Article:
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City of Markham benefits from Canada 150 Community Infrastructure Program

MP Peter Kent and Frank Scarpitti, Mayor, City of Markham welcome funding assistance


The Honourable Peter Kent, Thornhill’s MP, issued the following announcement today regarding federal investment in the City of Markham through the Canada 150 Community Infrastructure Program, (CIP).


On behalf of the Honourable Gary Goodyear, Minister for the Federal Economic Development Agency for Southern Ontario (FedDev Ontario) MP Kent announced that the Harper Government has approved a total of $133,571. in CIP funding for improvements to the main entrance of the Thornhill Community Centre and Library as well as a tribute statue honouring Thornhill`s namesake, Benjamin Thorne. (location to be determined)

A dynamic figure in pre-Confederation Canada, Thorne was a banker, a miller, a church leader, militia officer and politician.  Although not the first to settle in the original village, Thorne’s powerful leadership gave our community its name.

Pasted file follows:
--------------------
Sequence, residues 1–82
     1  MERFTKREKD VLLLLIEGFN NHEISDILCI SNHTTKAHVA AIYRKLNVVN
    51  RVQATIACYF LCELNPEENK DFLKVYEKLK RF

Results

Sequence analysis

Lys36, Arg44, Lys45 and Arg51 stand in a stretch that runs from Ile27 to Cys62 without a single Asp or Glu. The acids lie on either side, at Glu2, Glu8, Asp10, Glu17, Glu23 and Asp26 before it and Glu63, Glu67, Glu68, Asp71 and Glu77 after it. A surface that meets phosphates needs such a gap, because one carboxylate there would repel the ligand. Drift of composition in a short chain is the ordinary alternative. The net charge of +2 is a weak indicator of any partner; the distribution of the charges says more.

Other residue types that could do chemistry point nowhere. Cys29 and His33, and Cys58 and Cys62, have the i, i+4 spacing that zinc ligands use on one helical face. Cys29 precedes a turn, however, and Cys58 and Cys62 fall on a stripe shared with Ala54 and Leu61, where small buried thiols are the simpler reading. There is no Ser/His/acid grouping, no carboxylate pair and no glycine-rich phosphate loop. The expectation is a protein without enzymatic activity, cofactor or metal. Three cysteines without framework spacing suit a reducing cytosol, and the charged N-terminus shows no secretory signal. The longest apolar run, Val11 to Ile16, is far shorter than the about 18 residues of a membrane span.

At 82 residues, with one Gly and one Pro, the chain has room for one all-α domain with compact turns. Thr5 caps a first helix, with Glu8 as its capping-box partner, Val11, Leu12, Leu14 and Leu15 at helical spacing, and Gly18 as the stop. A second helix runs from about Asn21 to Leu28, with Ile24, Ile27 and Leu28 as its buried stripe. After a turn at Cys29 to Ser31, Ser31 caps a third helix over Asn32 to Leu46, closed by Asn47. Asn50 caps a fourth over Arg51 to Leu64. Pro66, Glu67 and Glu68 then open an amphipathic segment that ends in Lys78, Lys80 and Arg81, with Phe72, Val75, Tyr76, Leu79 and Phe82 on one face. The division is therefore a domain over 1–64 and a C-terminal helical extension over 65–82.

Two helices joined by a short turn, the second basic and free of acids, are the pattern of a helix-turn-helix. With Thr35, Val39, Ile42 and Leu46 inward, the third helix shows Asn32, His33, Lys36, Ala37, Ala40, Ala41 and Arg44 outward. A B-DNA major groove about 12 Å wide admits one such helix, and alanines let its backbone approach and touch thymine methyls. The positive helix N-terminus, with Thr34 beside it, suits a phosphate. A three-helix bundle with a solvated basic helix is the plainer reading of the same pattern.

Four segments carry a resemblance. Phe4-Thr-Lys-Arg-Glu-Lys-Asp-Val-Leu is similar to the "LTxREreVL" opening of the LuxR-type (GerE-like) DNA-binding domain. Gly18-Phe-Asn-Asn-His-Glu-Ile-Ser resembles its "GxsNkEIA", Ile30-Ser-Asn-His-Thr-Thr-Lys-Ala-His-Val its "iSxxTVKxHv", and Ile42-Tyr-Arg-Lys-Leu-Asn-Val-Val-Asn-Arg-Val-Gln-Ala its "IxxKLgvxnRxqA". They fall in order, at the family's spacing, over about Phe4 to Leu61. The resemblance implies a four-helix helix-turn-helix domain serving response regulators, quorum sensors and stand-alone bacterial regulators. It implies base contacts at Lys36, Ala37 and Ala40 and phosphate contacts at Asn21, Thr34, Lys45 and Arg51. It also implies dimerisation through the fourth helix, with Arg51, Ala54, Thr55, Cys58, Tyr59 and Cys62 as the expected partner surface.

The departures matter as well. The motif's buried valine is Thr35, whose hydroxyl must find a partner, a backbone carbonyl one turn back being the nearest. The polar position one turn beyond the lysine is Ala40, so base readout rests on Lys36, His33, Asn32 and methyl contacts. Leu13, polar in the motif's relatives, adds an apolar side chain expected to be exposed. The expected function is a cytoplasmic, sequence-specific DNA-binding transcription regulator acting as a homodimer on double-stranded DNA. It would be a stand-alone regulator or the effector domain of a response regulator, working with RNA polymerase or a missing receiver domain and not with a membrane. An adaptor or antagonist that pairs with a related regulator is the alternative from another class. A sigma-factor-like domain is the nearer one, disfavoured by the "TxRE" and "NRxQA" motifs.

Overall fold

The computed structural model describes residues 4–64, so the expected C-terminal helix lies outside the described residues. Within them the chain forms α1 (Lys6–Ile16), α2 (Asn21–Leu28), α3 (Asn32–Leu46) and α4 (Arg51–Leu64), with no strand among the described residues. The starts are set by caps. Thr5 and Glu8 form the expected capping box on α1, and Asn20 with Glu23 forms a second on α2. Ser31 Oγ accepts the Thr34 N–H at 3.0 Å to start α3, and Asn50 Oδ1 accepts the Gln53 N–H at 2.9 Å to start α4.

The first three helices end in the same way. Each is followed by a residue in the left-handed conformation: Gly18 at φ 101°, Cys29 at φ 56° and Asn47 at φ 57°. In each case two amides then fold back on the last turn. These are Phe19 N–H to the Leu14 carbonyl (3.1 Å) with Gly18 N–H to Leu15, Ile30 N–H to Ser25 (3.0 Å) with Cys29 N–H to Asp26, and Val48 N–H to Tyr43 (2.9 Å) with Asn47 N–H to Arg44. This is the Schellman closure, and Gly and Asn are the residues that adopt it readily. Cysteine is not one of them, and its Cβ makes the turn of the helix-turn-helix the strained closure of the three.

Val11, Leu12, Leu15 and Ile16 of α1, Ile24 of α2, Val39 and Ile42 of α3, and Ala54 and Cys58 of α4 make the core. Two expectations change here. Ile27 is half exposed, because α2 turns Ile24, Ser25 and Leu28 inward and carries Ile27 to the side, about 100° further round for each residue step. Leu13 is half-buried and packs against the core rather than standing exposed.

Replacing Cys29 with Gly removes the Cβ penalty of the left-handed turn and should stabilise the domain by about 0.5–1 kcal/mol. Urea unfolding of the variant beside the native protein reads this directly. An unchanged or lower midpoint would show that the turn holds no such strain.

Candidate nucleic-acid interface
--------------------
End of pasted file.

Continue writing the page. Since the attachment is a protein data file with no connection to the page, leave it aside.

This announcement is one of many projects approved through the (CIP) that will improve and preserve community spaces across southern Ontario, with the aim of “giving back” to Canadians and creating a lasting legacy as Canada prepares to celebrate the 150th anniversary of Confederation in 2017. 

The program is expected to boost economic activity through infrastructure investments, build community-based partnerships and modernize existing community facilities.

“We are proud and pleased that this funding has been made available by the federal government to commemorate the important legacy of Benjamin Thorne,” said Markham Mayor Frank Scarpitti. “Benjamin Thorne was a great civic leader and the statue honouring his memory and new surrounding public space will ensure this important figure in Markham’s history is forever celebrated”.

MP Peter Kent said, “This project will generate jobs during the design and construction phase, will provide essential community services for generations to come and, in the statue of Benjamin Thorne, a worthy legacy of the Canadian Sesquicentennial.”